Like the strings of a marionette puppet, after the completion of a New York construction project there are various legal theories that serve as ties between the builder and the owner. For the builder, the sooner these lingering ties can be removed the less exposure they face for claims of defects. For the owners, the longer they are able to establish these connections the longer they may have legal recourse against the builder for defects, should that be necessary.
Article 36-B of the N.Y. General Business Law establishes minimum construction warranty standards, including that the home will meet or exceed the ‘specific standards of the applicable building code’. Although only available to ‘new’ homes, it further states that a housing merchant warranty shall provide:
- defects due to a failure to have been constructed in a skillful manner for one year;
- defects in the installation of the plumbing, electrical, heating, cooling and ventilation systems for two years; and
- material defects coverage for six years from and after the warranty date
This is provided by statute as an ‘implied’ warranty, or where there is no other written or ‘express’ warranty agreement. Where such a construction warranty is provided, it will state what items are being covered, and the length of time for such coverage. Express warranties are specifically enforced by New York Courts, meaning that courts will enforce them to the letter and not expand protections beyond what is stated.
Warranty claims, however, are generally not an exclusive remedy available to the owner and are not the only time limitations at play.
A builder can still be subject to a breach of contract claim from an owner for items such as defective workmanship and materials for a period of six years, unless there are other provisions which specifically limit the owner’s time to bring legal action.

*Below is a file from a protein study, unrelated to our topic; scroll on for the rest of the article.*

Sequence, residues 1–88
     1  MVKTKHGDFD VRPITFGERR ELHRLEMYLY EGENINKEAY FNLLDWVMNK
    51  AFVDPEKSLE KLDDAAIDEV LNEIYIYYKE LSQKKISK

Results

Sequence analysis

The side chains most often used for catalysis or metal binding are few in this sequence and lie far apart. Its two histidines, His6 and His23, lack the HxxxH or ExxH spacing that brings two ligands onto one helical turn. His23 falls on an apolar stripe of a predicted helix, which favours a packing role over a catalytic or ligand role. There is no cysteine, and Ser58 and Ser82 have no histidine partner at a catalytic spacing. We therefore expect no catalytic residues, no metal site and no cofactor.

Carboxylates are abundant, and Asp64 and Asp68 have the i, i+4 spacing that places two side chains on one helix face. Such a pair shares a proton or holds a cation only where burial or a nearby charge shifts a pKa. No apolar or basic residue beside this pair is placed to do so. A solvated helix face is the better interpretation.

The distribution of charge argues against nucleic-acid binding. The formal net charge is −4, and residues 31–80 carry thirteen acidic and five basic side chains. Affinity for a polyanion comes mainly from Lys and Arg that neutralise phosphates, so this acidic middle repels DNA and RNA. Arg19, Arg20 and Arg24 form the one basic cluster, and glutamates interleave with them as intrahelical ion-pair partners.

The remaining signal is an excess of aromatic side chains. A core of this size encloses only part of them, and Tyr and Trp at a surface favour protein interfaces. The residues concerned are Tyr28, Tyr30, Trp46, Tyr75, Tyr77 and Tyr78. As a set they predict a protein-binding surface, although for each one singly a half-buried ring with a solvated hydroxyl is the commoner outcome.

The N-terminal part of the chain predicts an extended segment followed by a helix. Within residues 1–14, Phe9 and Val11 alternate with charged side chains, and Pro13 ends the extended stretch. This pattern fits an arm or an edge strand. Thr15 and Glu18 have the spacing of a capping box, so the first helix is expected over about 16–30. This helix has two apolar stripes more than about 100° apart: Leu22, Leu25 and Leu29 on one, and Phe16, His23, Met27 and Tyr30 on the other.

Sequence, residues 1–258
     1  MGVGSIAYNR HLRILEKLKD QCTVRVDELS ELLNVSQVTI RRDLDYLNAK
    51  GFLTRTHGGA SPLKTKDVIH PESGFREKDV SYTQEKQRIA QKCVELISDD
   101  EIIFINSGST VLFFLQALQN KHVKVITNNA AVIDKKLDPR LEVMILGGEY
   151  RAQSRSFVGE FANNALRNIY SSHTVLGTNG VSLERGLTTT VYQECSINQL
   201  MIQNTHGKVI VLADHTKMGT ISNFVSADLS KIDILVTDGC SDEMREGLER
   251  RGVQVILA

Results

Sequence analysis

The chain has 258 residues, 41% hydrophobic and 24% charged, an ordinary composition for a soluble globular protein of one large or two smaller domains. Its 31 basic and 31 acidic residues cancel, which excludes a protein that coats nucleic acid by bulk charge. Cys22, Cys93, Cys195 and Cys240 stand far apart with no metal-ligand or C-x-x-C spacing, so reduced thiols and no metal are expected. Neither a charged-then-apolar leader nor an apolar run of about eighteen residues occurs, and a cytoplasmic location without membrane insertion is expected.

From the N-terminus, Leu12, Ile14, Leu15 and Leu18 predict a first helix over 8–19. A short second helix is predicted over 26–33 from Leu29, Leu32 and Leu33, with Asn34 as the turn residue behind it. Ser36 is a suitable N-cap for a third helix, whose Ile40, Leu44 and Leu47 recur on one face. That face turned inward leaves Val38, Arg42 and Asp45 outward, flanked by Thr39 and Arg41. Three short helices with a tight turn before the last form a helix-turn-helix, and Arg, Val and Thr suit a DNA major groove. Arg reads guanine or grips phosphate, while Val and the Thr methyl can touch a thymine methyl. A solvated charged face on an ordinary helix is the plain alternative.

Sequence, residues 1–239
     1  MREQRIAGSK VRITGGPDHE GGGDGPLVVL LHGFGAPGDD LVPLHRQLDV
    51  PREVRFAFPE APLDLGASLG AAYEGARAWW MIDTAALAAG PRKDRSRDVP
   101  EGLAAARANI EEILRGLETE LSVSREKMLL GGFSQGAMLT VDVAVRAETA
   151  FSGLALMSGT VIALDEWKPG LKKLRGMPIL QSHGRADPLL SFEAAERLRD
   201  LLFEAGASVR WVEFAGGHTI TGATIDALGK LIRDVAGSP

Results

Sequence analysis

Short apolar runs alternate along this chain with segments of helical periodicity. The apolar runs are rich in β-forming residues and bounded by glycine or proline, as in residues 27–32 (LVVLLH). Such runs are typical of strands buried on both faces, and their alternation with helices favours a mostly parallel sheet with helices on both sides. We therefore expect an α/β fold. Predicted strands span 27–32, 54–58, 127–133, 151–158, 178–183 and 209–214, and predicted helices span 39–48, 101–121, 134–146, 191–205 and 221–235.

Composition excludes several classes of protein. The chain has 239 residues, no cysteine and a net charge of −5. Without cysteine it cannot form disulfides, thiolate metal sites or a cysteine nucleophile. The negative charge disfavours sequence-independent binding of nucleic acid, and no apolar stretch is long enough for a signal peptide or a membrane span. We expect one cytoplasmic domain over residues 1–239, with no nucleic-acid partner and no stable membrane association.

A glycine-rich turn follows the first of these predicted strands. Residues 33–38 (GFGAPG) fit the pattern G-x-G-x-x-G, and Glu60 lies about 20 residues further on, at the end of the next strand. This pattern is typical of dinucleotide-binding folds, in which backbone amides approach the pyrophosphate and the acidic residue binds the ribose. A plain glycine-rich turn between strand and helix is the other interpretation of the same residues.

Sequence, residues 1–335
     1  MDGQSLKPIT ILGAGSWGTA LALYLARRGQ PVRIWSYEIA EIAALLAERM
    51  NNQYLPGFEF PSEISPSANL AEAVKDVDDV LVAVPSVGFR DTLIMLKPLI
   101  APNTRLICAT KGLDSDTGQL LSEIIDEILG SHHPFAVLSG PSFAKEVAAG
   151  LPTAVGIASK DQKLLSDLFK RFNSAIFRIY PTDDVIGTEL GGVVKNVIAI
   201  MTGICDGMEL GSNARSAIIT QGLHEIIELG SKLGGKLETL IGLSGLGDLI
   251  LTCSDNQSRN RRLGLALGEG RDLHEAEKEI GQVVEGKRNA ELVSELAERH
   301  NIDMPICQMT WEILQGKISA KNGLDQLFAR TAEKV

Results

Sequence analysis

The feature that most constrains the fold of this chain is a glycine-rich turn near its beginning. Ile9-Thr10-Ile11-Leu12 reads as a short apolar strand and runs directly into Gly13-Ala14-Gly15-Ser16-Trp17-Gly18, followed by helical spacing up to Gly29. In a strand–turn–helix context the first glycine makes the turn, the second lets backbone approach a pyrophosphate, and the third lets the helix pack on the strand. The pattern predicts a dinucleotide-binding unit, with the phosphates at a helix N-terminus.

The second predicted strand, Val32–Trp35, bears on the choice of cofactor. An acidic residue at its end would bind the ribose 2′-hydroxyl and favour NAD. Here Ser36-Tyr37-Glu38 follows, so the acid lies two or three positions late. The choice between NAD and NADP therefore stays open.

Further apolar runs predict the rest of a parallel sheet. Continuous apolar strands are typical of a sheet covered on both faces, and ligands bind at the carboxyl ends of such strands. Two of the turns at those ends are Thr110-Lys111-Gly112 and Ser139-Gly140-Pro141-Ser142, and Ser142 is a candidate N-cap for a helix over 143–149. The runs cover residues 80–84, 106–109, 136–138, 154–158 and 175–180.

A contractual warranty period is not a limitation of time in which a part may bring suit for defects or breach of other contractual obligations. The warranty provision is only a period of time which a contractor has a duty to correct defects through supplemental performance. A warranty period does not shorten a statute of limitation or otherwise bar suit by an owner against the builder.
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The author, John Caravella Esq., is a construction attorney and formerly practicing project architect at The Law Office of John Caravella, P.C., representing architects, engineers, contractors, subcontractors, and owners in all phases of contract preparation, litigation, and arbitration across New York and Florida. He also serves as an arbitrator to the American Arbitration Association Construction Industry Panel. Mr. Caravella can be reached by email: John@LIConstructionLaw.com or (631) 608-1346.
This is a general information article and should not be construed as legal advice or a legal opinion. The content above has been edited for conciseness and additional relevant points are omitted for space constraints. Readers are encouraged to seek counsel from a construction lawyer who has experience with Long Island construction law for advice on a particular circumstance.